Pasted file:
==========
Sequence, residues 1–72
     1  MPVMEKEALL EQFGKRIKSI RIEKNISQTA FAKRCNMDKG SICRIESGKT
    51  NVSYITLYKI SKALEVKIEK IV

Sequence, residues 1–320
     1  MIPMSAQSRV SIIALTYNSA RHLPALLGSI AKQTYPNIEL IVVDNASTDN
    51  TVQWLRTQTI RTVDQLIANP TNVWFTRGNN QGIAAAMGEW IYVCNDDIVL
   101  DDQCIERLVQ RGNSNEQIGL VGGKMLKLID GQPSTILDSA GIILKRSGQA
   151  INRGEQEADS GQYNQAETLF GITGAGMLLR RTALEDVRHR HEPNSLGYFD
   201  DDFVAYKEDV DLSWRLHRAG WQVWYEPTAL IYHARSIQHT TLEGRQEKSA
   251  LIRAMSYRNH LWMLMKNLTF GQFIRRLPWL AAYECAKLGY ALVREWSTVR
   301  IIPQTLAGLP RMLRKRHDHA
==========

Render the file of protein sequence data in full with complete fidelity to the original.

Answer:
Sequence, residues 1–72
     1  MPVMEKEALL EQFGKRIKSI RIEKNISQTA FAKRCNMDKG SICRIESGKT
    51  NVSYITLYKI SKALEVKIEK IV

Sequence, residues 1–320
     1  MIPMSAQSRV SIIALTYNSA RHLPALLGSI AKQTYPNIEL IVVDNASTDN
    51  TVQWLRTQTI RTVDQLIANP TNVWFTRGNN QGIAAAMGEW IYVCNDDIVL
   101  DDQCIERLVQ RGNSNEQIGL VGGKMLKLID GQPSTILDSA GIILKRSGQA
   151  INRGEQEADS GQYNQAETLF GITGAGMLLR RTALEDVRHR HEPNSLGYFD
   201  DDFVAYKEDV DLSWRLHRAG WQVWYEPTAL IYHARSIQHT TLEGRQEKSA
   251  LIRAMSYRNH LWMLMKNLTF GQFIRRLPWL AAYECAKLGY ALVREWSTVR
   301  IIPQTLAGLP RMLRKRHDHA